5×5k — A tale of five Parkruns

Me taking a selfie before the start of Highbury Fields parkrun

I’ve been running on-and-off for about six years. But it was only a year ago that I took part in my first parkrun.

Since then, I have done five different parkruns in four different locations. My aim was always to run a sub-25 minute 5k. But it somehow always eluded me — until the fifth one.

Parkrun 1 — Portobello — 20 October 2018

I was encouraged to go to my first parkrun at Portobello, where it is held at Figgate Park. This is a narrow course with a burn running through it, and you must do three laps to complete the 5km distance.

It is — just about — the closest parkrun to where I live, but it’s still more than a 30 minute cycle away. I wasn’t sure how good I’d feel about running after cycling for 30 minutes.

316 people participated in my first Portobello parkrun. A feature of this particular parkrun is the inevitable bottleneck as hundreds of people try to funnel themselves through a narrow path.

This was my first time running in proximity with so many people, and I didn’t like it. I found myself working hard to try and find some space.

On the one hand, I didn’t like being stuck behind someone. On the other, I felt guilty about blocking the path if I moved out for some of what a racing driver would call “clean air”.

As a result, I probably went too fast at the start. Consequently I was very slow at the end.

I had hoped to run a sub-25 minute 5k. My final time was 25:34.

Parkrun 2 — Edinburgh (Cramond) — 2 November 2019

Over a year later, I decided to go to my second parkrun. But this time I tried the Edinburgh parkrun, which takes place at Cramond Promenade. It is also just over a 30 minute cycle away for me.

I actually set off a bit late, and I was worried about missing the start. I powered my way towards the start line, and in the end I had about five minutes in hand.

Cramond parkrun is wide and flat, making it a more comfortable experience than Portobello. So despite having 456 participants, this course doesn’t have as much of a bottleneck problem. It is a simple course, going out for about 2km, looping round Gipsy Brae Recreation Ground, and returning back the way you came.

Not wanting to make the same mistake as my first parkrun, I took things very steady at the start. I debated with myself about how soon I should start pushing. I decided to do so when I thought we’d reached the halfway point.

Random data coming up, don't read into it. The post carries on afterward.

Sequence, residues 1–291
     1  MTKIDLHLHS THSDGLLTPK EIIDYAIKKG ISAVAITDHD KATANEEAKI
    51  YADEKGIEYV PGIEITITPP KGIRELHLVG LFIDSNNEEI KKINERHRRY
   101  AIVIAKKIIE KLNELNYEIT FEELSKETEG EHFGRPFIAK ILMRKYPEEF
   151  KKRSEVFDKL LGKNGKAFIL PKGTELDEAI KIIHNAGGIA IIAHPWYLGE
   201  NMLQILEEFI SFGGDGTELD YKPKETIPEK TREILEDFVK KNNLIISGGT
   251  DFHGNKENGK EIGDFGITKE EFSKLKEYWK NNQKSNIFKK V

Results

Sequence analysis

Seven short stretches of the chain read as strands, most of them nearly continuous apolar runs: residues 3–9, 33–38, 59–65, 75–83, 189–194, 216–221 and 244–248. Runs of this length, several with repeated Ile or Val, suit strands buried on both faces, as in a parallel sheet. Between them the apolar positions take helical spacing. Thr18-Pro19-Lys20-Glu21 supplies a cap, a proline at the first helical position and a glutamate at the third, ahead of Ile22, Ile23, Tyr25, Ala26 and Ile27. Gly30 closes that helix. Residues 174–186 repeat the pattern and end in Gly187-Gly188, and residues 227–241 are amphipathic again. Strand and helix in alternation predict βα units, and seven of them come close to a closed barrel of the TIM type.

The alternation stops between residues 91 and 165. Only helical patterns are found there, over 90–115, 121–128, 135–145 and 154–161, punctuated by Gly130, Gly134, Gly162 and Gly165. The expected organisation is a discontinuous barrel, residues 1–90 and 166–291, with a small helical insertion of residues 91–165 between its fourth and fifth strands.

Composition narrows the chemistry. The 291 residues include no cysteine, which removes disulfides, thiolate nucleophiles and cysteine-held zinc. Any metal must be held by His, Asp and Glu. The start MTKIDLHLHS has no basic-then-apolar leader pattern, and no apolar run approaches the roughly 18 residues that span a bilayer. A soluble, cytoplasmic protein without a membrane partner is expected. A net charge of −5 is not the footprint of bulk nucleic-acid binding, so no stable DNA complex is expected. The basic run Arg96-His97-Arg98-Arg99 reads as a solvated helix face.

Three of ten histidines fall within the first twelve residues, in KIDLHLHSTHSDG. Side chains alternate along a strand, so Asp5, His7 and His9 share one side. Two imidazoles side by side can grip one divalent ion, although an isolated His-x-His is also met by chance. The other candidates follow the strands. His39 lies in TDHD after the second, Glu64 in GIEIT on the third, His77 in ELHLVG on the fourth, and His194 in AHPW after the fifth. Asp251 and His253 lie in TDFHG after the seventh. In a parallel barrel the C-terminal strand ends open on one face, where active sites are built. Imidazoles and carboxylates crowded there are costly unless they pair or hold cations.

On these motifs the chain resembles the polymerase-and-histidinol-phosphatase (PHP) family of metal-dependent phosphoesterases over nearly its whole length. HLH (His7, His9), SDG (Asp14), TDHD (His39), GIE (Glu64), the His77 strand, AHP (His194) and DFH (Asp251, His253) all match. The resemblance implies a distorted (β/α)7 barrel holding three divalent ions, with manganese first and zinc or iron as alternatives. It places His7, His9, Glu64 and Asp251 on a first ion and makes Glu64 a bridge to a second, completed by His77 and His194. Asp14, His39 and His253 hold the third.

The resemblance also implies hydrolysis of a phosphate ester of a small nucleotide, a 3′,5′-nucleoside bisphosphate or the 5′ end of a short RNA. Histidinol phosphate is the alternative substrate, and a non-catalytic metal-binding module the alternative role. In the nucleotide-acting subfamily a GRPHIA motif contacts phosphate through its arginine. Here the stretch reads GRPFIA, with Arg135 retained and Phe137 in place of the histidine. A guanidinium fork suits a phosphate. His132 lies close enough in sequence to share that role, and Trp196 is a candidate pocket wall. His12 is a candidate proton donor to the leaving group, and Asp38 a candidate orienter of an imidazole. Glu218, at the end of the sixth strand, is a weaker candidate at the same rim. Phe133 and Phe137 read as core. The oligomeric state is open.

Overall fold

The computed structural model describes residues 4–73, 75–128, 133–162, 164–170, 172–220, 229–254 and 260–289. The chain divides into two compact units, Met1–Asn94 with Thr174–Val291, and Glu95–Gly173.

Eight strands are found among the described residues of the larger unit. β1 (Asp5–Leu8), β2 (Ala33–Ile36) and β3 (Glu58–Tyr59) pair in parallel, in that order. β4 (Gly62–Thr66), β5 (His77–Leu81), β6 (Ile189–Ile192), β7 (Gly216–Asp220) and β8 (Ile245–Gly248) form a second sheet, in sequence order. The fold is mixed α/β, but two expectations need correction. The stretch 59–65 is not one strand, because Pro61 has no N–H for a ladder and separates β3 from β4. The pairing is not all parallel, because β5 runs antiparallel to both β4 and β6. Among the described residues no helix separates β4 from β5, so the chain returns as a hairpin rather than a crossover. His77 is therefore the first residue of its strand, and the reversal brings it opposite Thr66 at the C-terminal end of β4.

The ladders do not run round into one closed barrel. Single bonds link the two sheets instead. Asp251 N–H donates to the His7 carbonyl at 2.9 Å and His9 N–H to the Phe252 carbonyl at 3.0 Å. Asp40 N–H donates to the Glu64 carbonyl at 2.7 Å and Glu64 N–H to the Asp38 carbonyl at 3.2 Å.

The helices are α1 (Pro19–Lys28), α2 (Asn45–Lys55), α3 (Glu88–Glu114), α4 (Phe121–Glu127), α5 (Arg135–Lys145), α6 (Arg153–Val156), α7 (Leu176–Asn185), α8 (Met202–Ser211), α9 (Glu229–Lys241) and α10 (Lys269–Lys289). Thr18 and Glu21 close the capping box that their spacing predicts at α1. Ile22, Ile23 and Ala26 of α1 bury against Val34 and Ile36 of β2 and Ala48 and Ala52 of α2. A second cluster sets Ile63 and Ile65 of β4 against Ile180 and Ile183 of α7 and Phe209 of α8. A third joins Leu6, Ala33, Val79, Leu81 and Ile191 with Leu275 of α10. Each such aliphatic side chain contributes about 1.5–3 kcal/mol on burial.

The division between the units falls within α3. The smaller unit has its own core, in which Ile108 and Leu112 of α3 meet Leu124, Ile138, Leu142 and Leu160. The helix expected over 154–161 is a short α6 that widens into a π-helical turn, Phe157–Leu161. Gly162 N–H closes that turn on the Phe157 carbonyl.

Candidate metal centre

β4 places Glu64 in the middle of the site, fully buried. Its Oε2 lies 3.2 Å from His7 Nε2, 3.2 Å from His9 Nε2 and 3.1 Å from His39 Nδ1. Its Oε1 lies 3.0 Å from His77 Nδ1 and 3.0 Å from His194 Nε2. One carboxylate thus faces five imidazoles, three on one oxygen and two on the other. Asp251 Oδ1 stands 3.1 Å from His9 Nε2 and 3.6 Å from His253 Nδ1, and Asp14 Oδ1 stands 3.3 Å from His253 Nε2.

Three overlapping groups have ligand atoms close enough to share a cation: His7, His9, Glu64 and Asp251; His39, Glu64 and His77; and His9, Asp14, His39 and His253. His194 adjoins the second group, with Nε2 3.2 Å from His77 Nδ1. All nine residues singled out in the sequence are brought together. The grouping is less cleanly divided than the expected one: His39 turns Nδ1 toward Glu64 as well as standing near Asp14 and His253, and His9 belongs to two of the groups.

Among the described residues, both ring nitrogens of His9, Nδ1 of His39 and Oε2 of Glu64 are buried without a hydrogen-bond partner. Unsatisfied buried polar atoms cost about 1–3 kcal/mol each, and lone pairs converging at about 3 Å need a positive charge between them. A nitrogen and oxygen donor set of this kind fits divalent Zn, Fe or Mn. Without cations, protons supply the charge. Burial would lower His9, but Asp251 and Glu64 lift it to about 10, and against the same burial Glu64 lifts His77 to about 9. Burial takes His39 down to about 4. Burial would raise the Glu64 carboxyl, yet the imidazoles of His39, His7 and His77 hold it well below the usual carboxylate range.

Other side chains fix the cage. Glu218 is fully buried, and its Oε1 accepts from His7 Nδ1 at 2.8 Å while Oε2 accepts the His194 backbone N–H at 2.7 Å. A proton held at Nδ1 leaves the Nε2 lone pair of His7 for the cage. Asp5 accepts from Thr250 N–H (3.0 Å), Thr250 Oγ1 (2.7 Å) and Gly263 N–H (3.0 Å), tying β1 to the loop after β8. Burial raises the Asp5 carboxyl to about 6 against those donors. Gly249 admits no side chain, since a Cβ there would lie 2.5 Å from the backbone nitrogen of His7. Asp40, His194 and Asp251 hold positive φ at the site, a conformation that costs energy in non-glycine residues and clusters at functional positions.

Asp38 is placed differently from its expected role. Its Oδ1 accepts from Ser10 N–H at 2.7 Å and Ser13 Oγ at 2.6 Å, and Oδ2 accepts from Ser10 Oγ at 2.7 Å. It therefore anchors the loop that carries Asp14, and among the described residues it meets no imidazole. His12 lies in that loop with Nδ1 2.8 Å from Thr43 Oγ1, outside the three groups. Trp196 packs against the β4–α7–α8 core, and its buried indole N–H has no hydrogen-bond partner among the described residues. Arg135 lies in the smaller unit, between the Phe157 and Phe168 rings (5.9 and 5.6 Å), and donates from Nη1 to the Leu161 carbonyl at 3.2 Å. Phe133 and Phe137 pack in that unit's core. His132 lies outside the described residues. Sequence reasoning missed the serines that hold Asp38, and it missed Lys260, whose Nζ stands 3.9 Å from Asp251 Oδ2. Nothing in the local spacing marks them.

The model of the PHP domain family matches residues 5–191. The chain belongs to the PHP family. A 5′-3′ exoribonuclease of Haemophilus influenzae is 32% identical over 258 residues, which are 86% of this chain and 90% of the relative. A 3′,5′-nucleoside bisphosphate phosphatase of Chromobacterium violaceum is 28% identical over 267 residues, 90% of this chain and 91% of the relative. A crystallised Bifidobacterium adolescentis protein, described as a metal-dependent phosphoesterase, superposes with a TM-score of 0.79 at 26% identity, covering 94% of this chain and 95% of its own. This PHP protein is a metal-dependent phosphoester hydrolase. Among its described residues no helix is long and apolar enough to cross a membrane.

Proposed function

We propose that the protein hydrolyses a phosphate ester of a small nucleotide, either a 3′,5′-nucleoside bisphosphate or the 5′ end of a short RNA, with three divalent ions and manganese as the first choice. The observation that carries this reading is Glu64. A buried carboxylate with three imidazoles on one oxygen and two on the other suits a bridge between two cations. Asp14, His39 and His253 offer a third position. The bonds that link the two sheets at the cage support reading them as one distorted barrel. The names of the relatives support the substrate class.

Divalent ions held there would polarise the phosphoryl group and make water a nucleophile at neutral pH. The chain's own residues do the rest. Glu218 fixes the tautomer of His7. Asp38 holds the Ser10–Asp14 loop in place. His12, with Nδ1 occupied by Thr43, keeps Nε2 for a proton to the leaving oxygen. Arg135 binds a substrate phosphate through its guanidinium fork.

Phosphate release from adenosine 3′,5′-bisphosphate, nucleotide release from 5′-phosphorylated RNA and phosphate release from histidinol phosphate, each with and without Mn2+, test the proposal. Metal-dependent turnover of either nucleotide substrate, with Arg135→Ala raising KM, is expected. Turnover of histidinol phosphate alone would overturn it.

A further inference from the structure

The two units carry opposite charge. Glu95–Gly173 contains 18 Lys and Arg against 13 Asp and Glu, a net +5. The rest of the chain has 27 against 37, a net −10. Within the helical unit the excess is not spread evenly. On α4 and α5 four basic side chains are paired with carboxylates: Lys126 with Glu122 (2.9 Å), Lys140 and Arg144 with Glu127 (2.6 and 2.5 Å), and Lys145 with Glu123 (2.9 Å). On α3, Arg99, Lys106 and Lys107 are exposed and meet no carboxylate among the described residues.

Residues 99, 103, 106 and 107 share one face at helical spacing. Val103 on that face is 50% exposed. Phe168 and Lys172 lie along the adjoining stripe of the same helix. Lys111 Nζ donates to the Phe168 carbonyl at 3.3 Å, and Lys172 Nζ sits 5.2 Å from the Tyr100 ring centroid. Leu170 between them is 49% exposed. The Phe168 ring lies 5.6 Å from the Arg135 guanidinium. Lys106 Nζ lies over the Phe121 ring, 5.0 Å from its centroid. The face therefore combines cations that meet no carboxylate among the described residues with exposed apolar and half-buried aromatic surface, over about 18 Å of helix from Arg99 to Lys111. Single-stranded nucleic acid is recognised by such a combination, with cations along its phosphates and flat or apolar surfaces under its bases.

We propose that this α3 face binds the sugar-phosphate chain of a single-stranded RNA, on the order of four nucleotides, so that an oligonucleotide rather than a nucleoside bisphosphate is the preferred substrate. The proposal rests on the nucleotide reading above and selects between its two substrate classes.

I was super fast during the second half of the run, powering past lots of people. But it wasn’t enough to make up for my steady start.

My final time was 25:48, slower than my Portobello time. But because of the strong end I felt better.

Parkrun 3 — Oriam — 9 November 2019

I discovered a brand new parkrun had been set up at the Oriam centre, at the Heriot-Watt University campus. Shockingly, this parkrun is also just over a 30 minute cycle away for me. How can it be that there are three parkruns in a relatively small city, and yet I live so far away from all of them?!

Unfortunately, my estimate of 30 minutes to cycle there appeared to be significantly wrong. It was a frosty morning, and it involved cycling along canal towpath. I’m not a great fan of cycling along the canal at the best of times, and because of the conditions I took it super easy.

I didn’t really keep an eye on the time though. The result was that I turned up late. In fact, by the time I found somewhere to lock my bike, 273 people whizzed past me.

I was annoyed with myself because I had cycled a long way through freezing cold conditions to get there. The only thing to do was to take part, and try to catch the field up.

The trouble was, I didn’t know the route. And by the time I sorted myself out, the field had long gone. So I set off, thinking/hoping the route would be easy to follow.

However, I took a wrong turn and ended up running around the edge of a playing field, which was clearly not the right place to be. After a while, I spotted some runners in the distance on a woodland path. The only trouble was, I had no idea how I would get there.

I turned back on myself a few times trying to find a way back to the course. I ended up climbing through a bog, then climbing over a wall to get there.

I had been running for well over a kilometre by the time I reached the walkers at the back of the field.

The volunteer keeping the walkers company encouraged me to continue: “Late starter? Well, you’re in it now!”

This course is quite narrow, muddy and hilly — much moreso than the other Edinburgh courses.

My final official time was 32:44. Although I’d missed the start, thanks to my detour I actually ran more than 5km, so I didn’t feel too bad about scanning my barcode at the end.

On Strava Flyby, you can see me getting lost big time. I showed it to Alex, and she said, “Ha ha ha — you look so stupid.”

Parkrun 4 — Portobello — 23 November 2019

We had a long day ahead doing DIY in the house (which I’ll probably write about in a future post). We needed to get some stuff from B&Q, so Alex drove me to Figgate Park and I did the parkrun while she did the shopping.

I wondered if the fact that I hadn’t been cycling for over 30 minutes to get there would change my performance.

Once again thinking about my previous bad experience at Portobello, I took more care to pace myself. I decided to go for it on lap 3. Thanks to the push at the end, I felt better about it than my first run. But my time — 25:45 — turned out to be slower. Oh well.

Parkrun 5 — Highbury Fields — 30 November 2019

Last weekend we were in London, and I decided to go to the nearest parkrun to where we were staying.

I had somehow neglected to pack my running jacket. This was problematic because the morning was freezing cold and misty. So I set off to Highbury Fields wearing just my t-shirt (and running bottoms, by the way).